Reality Bites is outdated, nauseating, and tacky -- yet totally wonderful -- all at once. Released in 1994, the movie is Generation X’s first look into those frightening few years after college. The quixotic characters are exhausting and, at times, a bit over the top; Troy (Ethan Hawke), for all intents and purposes, is a product of the times: a Kurt Cobain clone, sans plight and debilitating drug use. But, hey, that’s Hollywood. Last year’s Young Adult, about a 37-year-old alcoholic divorcee (Charlize Theron) facing her shortcomings and past poor decisions, feels like the unofficial sequel.
Our generation has, for the most part, been devoid of our own Reality Bites -- modern films or television shows that tap into the insecurities, ambitions, and general disillusionment of “direction” that pierce every post-graduate's consciousness during those pivotal “What now?” years. The natural heir to the throne was MTV's The Real World, but the producers decided instead to create a hotbed for stereotypical casts who break the fourth wall while accentuating their expected demeanor, thus exposing their self-awareness. HBO's How To Make It In America skated around these concepts but skewed too old and strangely felt like Entourage for hipsters.
Enter MTV's I Just Want My Pants Back. It's easy to dismiss the show as a vehicle ingratiated in shock value -- for the most part, its plotlines are unabashedly salacious -- but to its credit (or its detriment?) Pants doesn't mask itself as something more.
In the first half of the season, the show’s story arcs ranged from “We've all been there or known someone who's been there” (a pregnancy scare) to “I know someone who did that” (a foursome) to “I've been there myself” (an STD scare; just kidding, not me!) to “I know a guy who knows another guy whose cousin did that” (having sex in a refrigerator). And as ridiculous as it is on the surface, Pants, the first season of which came to a close this past Thursday night, wants to tap into the misguided notion of “I'm growing up! Wait a minute, I did what last weekend?!”
I'm not saying it's riveting television, but in its own twisted way, Pants succeeds.
“I look at it as that time in life which is the golden age of screwing up and screwing around,” said Pants’ producer, David J. Rosen. “You are sort of getting away with stuff. You don't really realize you're getting away with it, but when you look back at it, you think of stuff you did because maybe you were bored or you didn't want to sit around alone.”
The show adapts many of its incredulous stories from the book of the same title, which Rosen wrote. Both entities hone in on the main character of Jason, who’s struggling with the lack of progress in his life, both personally and professionally.
“[The show] really looked at life in Brooklyn, where you have times when there are prospects and times when you don't,” Rosen said. “You're injected into this world that you thought you had to be an adult when you were in college. Now, you really have to be an adult. You're out, living on your own. What are you going to do? Literally, what are you going to do today?”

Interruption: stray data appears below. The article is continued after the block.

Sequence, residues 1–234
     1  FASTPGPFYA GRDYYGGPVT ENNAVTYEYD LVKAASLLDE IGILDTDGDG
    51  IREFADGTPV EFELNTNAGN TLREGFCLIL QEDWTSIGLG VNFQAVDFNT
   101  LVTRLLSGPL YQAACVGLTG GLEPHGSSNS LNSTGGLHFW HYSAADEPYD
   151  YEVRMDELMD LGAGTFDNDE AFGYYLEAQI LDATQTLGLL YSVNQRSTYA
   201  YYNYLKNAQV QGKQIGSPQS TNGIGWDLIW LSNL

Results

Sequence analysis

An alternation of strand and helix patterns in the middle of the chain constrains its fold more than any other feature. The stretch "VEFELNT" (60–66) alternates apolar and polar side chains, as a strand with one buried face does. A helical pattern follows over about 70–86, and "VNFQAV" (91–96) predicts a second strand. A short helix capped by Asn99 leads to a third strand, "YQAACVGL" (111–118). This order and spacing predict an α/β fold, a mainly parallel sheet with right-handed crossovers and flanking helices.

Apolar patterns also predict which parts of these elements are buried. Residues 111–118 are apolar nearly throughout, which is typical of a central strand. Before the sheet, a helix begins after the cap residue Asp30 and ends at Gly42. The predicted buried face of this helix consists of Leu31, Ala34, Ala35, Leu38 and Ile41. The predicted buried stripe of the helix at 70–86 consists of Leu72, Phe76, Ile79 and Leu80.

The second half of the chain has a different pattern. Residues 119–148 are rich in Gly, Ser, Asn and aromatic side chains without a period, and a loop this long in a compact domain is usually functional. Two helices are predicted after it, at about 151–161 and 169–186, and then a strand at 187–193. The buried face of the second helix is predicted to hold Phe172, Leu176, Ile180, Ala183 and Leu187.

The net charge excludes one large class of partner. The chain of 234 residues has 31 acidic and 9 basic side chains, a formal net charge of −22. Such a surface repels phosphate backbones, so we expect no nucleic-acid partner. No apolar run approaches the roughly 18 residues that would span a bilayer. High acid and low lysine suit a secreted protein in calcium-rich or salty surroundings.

The book is far weightier in its content than the TV adaptation. For instance, Rosen and company decided to omit Jason's neighbor, Patty, who finds out she has lung cancer. Another sequence involves Jason learning how his selfish desires can alter another person's life when he unknowingly takes the virginity of a med school student. But Rosen assured me that the suits at MTV are not averse to broaching serious plots. He said if the network orders a second season of episodes, he’ll focus on more in-depth storytelling rather than cursory tales of the bedroom.
The TV adaptation does, however, offer an exemplar of the conventional route to combat Jason's sophomoric lifestyle through the engaged couple of Stacey and Eric, described by friends as the “power couple” because the former is in law school and latter is finishing up med school. Their insertion into the show provides a traditional narrative: You go to college, then maybe grad school, and finally, you get married. But more importantly, Stacey and Eric give the show balance, proving that not everyone in the Pants universe tampers in errant behavior. Rosen said he’s not opposed to structured life decisions and included the two characters to create a realistic atmosphere, but he concedes that their path is not central to what Pants is about.
“Some people latch on to things immediately because it's easier than opening your mind up to the assault of possibilities,” he said. “But really, this is the time in life when we get our best stories -- the ones you spend the rest of your life telling. [The show’s creators] got together and said, 'Let’s make a show telling these stories.’”
That’s why, as I watch a character date the lead singer of a Green Day cover band on Pants, I shrug. I’m not particularly intrigued, but like Rosen said, it’s one of those stories we keep telling -- even if it only makes sense to us.
Did you watch the first season of I Just Want My Pants Back? What did you think of the show?
About Ryan -- Ryan Hadfield is a writer for WEEI.com, predominantly covering the Boston Celtics and hosting a media podcast. He is currently working on his first book, The 25th Year: 12 Months of Suspect Choices and Strange Events. Follow him on Twitter @R_Hadfield.
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